Is it legal for my full-time employer to stop me from taking a weekend job if it’s not in the same industry?

UPDATED: Oct 1, 2022

Advertiser Disclosure

It’s all about you. We want to help you make the right legal decisions.

We strive to help you make confident insurance and legal decisions. Finding trusted and reliable insurance quotes and legal advice should be easy. This doesn’t influence our content. Our opinions are our own.

UPDATED: Oct 1, 2022Fact Checked

Get Legal Help Today

Compare Quotes From Top Companies and Save

secured lock Secured with SHA-256 Encryption

Is it legal for my full-time employer to stop me from taking a weekend job if it’s not in the same industry?

A new company bought out the one I work for. I work in the office during the week but I’m an insurance agent on the weekends to make ends meat. Now, a year after the take over, I am being asked to sign a policy that says I will not work for a competitor but it also says that I must get approval before I work any other job while working for them.

Asked on June 8, 2018 under Employment Labor Law, Texas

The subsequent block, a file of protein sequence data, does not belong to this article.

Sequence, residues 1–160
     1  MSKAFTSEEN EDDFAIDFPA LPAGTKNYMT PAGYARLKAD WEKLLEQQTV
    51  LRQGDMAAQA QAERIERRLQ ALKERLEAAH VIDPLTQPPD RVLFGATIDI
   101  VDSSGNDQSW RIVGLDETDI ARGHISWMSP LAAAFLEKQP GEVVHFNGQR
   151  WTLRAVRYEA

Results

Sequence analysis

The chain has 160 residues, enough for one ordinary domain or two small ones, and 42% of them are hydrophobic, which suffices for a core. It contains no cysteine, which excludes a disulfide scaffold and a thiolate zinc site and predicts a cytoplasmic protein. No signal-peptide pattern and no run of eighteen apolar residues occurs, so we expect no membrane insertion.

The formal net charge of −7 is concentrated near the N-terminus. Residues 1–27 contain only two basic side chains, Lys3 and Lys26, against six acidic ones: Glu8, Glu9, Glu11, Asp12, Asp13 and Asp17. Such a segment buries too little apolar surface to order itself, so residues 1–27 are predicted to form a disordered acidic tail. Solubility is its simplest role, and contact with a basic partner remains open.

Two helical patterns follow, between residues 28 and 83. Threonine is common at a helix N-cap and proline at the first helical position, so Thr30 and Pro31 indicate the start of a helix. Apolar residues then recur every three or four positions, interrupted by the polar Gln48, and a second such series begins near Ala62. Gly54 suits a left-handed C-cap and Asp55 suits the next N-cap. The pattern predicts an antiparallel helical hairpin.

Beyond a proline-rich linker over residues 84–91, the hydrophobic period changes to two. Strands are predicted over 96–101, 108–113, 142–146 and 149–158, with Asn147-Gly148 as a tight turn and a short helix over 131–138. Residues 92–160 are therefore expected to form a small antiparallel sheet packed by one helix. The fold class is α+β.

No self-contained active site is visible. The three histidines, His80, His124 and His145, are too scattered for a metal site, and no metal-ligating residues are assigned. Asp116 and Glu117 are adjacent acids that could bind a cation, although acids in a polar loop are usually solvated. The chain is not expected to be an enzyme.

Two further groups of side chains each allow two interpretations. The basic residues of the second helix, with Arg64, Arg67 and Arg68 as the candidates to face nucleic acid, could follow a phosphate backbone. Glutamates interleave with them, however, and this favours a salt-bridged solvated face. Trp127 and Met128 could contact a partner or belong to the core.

M.D., Member, California and New York Bar / FreeAdvice Contributing Attorney

Answered 4 years ago | Contributor

Unless this action violates the terms of an employment contract or union agreement, it is legal. The fact is that most work arrangements are what is called "at will". This means that a company can set the condtions of employment much as it sees fit (absent some form of legally actionable discrimination). Accordingly, your employer can prohibit outside work, at least without its permission.

IMPORTANT NOTICE: The Answer(s) provided above are for general information only. The attorney providing the answer was not serving as the attorney for the person submitting the question or in any attorney-client relationship with such person. Laws may vary from state to state, and sometimes change. Tiny variations in the facts, or a fact not set forth in a question, often can change a legal outcome or an attorney's conclusion. Although has verified the attorney was admitted to practice law in at least one jurisdiction, he or she may not be authorized to practice law in the jurisdiction referred to in the question, nor is he or she necessarily experienced in the area of the law involved. Unlike the information in the Answer(s) above, upon which you should NOT rely, for personal advice you can rely upon we suggest you retain an attorney to represent you.

Get Legal Help Today

Find the right lawyer for your legal issue.

secured lock Secured with SHA-256 Encryption